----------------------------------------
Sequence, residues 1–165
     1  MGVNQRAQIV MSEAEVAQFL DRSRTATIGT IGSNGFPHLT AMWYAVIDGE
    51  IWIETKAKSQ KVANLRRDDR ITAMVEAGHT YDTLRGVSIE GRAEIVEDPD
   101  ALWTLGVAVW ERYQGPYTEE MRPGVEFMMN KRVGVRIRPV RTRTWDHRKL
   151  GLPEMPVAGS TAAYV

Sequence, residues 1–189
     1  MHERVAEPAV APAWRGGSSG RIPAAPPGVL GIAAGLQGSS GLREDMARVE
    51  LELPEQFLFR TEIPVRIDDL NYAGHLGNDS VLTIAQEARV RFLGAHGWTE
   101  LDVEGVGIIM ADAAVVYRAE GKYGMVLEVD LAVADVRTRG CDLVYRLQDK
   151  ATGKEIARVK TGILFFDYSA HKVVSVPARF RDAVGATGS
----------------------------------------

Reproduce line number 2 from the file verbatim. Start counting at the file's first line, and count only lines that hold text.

     1  MGVNQRAQIV MSEAEVAQFL DRSRTATIGT IGSNGFPHLT AMWYAVIDGE